# Wave function of a scattered particle and cross section

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• dRic2
In summary, Landau-Lifshitz's book on non-relativistic quantum mechanics discusses how to describe a particle with a plane wave function after a scattering event. The wave function is given by ##\psi \approx e^{ikz} + f(\theta) \frac{e^{ikr}}{r}##, with the first term representing the unscattered particle and the second term representing the scattered particle. The square value of the wave function is just ##|f(\theta)|^2##, neglecting the contribution of the first term. This is important in deriving the differential cross section, which is also given by ##|f(\theta)|^2##. The book goes on to explain how this approach
dRic2
Gold Member
In Landau-Lifsits's book about non relativistic QM it is said that if I have a particle described by a plane wave ##\phi = e^{ikz}## (I think he choses the ##z## direction for simplicity) the wave function after the scattering event is (far from the scattering event)
$$\psi \approx e^{ikz} + f(\theta) \frac{e^{ikr}} r$$
But then he said that the square value of ##\psi## is just ##|f(\theta)|^2## because we neglect the contribution of the first term (that is, we neglect some sort of interference phenomena). My first question is: then why bother says ##\psi = e^{ikz} + f(\theta) \frac{e^{ikr}} r## instead of simply putting ##\psi = f(\theta) \frac{e^{ikr}} r## ?

Then he says that the differential cross section is just ##|f(\theta)|^2## but I don't really follow the given explanation.

Can someone provide any hint?

Thanks
Ric

In most scattering experiments, there is the main beam, often almost as strong as the incident beam, that passes through unscattered. This term, represented by ## \psi=e^{ikz} ## is discarded when computing ## \frac{d \sigma}{d \Omega} ##. In computing ## \psi^* \psi ##, there is a middle term consisting of products of ## e^{ikz} ## and ## \frac{f(\theta)e^{ikr}}{r} ## (a sum of two terms with the appropriate complex conjugates, etc.) . I think that term is being called the interference term, and it generally gets discarded, presumably because it is small. I'm no expert on this particular topic, but I believe my inputs here are accurate. Perhaps someone with expertise in this area can concur. ## \\ ## Edit: A text that covers this topic reasonably well is Squires' Introduction to the theory of Thermal Neutron Scattering. He shows how the differential cross section results from the scattered part of the wave function: ## \frac{d \sigma}{d \Omega}=\frac{I_{scattered}}{E_{incident}} ##, where ## E_{incident} ## is watts/m^2 and ##E_{scattered}=\frac{I_{scattered}}{r^2} ##. Thereby, the ## \frac{1}{r} ## of the scattered wave function isn't used in computing the cross section. (Note that irradiance ## E ## is proportional to ## \psi^* \psi ## for both the incident and the scattered beams). In Squires' text, he does the computation by using ## \psi_{scattered}=\frac{f(\theta)e^{ikr}}{r} ##, rather than using the complete wave function, with ## E_{scattered} ## being proportional to ## \psi^*_{scattered} \psi_{scattered} ##, with the result that ## I_{scattered} ## is proportional to ## |f(\theta)|^2 ##. ## \\ ## And I gave your question some additional thought: The incident beam is usually somewhat localized, so that ## \psi_{incident}=e^{ikz} ## can be a good description of the incident beam in the region where the incident beam has an approximately uniform flux, but it doesn't adequately describe the beam outside of this region. The question you ask is a good one=why not discard the ## e^{ikz} ## part in treating ## \psi_{scattered} ##? Squires basically discards that part, and works with ## \psi_{scattered} ##.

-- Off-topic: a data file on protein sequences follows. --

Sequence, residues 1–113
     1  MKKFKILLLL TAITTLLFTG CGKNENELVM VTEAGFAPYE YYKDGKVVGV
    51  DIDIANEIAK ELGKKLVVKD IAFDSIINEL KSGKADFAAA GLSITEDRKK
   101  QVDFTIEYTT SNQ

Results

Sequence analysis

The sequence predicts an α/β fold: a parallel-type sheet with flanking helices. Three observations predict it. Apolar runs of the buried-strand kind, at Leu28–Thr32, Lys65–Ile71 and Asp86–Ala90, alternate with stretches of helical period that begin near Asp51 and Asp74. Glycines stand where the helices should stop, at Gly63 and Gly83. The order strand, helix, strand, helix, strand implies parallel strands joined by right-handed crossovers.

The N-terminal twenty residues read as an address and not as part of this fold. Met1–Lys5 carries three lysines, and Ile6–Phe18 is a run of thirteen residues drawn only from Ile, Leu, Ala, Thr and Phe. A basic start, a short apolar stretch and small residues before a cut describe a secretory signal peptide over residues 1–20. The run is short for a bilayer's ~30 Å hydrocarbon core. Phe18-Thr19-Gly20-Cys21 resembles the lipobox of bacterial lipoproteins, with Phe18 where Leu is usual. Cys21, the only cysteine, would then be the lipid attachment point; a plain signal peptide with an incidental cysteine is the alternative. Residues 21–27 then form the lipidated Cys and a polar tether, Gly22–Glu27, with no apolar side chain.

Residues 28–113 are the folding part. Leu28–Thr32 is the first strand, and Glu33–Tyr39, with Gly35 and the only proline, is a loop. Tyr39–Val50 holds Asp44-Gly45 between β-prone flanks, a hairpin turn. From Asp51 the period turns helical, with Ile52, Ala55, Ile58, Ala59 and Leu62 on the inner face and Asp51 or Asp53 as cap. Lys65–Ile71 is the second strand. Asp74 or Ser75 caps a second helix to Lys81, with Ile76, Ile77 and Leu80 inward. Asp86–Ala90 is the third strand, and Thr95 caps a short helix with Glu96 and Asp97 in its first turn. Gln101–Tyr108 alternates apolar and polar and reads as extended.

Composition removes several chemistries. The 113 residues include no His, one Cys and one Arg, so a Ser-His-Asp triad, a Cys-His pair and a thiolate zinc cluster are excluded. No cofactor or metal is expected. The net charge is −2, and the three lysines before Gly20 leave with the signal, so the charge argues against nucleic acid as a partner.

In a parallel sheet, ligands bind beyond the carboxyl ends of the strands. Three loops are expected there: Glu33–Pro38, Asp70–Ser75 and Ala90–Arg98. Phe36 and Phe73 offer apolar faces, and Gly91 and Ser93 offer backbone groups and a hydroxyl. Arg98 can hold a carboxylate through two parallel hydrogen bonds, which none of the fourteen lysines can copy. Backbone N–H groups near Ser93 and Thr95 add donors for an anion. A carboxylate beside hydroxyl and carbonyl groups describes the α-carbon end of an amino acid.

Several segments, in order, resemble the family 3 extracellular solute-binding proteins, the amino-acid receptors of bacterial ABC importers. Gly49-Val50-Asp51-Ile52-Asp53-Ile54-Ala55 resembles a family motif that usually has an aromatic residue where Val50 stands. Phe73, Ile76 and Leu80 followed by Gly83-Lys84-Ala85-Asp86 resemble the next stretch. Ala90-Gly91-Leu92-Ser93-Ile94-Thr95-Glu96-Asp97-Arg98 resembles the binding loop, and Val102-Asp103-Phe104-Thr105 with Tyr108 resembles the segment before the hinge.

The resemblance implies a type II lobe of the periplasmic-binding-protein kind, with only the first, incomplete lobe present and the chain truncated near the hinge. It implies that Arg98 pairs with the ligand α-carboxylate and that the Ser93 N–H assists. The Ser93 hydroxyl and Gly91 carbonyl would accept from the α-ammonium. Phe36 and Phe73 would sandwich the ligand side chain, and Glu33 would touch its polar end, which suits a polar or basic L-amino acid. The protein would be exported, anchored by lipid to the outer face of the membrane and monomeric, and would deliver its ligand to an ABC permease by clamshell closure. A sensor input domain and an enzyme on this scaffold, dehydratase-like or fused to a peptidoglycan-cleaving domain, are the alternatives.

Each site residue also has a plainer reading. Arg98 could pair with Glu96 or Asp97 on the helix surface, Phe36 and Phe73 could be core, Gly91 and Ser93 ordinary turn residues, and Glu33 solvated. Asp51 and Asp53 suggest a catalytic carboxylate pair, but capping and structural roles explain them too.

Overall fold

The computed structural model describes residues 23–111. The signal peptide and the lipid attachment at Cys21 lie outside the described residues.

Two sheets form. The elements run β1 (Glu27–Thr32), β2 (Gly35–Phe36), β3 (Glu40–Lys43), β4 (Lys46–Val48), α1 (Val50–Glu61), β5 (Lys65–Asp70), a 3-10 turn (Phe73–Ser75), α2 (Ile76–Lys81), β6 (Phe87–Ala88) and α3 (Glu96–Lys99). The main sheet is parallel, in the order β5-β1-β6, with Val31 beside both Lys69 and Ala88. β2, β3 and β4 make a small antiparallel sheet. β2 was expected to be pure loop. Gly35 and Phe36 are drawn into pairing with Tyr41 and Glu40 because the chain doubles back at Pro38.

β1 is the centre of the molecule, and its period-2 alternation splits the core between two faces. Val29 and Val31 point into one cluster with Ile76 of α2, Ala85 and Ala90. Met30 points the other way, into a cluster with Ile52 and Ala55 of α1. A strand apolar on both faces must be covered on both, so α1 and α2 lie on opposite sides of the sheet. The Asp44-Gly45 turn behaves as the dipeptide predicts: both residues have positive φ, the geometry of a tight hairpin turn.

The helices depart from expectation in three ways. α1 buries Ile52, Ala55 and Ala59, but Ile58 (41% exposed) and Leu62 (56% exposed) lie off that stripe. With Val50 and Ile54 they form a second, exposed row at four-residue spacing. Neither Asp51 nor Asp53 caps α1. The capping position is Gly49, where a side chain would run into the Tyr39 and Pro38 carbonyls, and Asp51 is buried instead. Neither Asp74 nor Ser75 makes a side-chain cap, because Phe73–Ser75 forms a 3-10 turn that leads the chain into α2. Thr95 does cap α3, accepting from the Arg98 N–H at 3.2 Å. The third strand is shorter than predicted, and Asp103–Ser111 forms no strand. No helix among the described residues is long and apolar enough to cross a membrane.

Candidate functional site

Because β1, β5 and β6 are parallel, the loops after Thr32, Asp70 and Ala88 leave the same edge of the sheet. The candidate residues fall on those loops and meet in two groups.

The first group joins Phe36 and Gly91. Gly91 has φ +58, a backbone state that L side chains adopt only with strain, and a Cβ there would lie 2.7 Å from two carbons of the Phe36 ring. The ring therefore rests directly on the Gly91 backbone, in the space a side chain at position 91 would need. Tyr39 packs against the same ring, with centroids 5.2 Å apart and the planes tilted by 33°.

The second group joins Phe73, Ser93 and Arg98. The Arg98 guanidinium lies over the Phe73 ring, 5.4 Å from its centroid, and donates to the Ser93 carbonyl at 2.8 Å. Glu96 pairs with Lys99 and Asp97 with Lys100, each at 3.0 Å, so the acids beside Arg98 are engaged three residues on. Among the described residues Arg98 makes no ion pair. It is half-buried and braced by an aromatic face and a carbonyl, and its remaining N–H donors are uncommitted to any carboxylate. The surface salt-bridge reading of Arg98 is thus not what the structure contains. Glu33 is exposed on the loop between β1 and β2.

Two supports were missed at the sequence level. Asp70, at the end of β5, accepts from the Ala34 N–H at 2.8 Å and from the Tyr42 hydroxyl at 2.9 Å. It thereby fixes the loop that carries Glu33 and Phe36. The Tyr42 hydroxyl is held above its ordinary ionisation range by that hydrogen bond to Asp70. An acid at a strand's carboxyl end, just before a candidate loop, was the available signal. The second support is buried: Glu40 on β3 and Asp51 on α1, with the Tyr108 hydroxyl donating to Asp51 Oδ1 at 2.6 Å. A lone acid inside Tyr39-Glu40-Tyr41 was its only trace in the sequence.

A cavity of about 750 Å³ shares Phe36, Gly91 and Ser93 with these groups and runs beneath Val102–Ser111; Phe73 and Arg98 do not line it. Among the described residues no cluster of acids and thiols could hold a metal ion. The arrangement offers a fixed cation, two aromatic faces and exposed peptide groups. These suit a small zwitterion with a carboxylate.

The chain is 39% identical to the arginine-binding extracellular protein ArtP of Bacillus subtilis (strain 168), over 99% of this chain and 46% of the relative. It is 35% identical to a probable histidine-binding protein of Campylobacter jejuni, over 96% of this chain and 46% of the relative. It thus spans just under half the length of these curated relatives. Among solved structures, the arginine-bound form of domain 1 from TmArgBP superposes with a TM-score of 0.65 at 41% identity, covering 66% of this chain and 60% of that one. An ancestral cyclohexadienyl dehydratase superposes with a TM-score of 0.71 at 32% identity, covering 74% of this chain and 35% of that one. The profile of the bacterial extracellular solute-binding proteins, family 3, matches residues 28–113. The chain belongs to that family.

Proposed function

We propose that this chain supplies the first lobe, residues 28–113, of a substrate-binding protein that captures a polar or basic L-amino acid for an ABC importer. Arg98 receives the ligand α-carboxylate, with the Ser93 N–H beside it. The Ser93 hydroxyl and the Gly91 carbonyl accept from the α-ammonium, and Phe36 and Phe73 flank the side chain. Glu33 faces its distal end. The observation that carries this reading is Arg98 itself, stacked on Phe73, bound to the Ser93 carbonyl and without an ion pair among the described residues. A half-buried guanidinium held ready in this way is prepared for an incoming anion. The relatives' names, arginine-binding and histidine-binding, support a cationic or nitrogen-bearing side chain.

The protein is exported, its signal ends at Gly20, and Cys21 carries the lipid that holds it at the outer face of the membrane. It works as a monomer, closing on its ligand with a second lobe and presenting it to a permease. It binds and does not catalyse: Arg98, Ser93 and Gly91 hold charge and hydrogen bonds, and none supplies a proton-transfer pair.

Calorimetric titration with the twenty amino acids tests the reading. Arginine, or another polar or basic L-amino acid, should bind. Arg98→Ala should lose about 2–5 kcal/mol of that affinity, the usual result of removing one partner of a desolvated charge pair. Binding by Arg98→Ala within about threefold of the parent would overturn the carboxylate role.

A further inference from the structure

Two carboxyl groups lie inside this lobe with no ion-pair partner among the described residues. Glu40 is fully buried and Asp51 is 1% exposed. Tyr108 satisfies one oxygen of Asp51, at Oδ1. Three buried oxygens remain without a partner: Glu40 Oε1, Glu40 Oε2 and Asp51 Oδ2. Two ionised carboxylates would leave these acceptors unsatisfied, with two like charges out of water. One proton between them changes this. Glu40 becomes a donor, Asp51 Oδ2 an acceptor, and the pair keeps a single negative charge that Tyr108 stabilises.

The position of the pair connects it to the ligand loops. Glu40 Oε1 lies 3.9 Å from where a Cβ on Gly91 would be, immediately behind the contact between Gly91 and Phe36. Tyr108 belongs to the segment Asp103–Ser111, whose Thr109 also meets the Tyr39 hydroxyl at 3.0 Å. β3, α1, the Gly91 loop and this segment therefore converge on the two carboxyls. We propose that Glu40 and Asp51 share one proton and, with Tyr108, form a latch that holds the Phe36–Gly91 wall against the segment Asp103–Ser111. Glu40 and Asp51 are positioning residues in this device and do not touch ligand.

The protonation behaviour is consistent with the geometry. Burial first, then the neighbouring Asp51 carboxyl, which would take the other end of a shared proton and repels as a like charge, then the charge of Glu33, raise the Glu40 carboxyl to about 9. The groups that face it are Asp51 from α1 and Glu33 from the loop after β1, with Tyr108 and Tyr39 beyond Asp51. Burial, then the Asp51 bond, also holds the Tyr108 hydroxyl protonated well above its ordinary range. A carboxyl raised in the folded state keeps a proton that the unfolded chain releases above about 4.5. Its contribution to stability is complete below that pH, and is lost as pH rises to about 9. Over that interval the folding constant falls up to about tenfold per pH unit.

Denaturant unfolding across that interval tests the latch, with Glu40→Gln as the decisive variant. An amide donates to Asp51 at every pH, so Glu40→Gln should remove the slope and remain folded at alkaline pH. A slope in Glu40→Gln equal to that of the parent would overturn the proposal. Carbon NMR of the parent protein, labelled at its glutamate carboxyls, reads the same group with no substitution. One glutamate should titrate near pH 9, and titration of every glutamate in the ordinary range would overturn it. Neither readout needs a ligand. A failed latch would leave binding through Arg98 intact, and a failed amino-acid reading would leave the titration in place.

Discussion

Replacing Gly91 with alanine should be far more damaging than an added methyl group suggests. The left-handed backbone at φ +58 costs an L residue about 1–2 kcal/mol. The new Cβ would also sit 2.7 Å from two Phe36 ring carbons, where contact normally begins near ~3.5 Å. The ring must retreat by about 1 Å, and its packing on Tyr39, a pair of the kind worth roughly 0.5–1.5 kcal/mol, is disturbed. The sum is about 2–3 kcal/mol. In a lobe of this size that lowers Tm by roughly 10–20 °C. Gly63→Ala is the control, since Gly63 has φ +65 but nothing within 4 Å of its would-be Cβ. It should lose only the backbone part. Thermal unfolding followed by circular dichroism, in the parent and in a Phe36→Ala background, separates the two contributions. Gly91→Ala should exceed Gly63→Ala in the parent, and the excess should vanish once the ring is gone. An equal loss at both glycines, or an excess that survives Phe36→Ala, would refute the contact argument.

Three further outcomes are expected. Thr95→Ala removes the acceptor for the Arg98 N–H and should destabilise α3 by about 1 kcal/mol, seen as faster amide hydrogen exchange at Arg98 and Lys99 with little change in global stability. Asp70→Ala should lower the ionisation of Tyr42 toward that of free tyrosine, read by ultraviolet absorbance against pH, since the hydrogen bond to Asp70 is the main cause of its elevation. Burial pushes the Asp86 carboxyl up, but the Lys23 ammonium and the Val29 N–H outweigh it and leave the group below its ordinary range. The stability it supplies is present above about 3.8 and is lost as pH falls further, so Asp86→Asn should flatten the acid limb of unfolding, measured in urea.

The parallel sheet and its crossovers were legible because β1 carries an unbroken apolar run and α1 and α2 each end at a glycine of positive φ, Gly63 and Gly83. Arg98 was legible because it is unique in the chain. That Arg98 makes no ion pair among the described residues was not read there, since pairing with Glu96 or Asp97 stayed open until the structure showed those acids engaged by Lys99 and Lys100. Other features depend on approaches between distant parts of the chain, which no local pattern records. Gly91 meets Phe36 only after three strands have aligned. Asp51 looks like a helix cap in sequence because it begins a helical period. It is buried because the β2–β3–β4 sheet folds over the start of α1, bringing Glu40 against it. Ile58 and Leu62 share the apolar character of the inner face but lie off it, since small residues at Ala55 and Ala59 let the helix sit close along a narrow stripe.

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dRic2
This becomes much clearer, when you think about physical states rather than plane-wave representations. You have an asymptotic free incoming particle, described by a localized wave packet running towards the place where the potential is effective and you observe the scattered particle at a far distance from this place as an asymptotic outgoing state.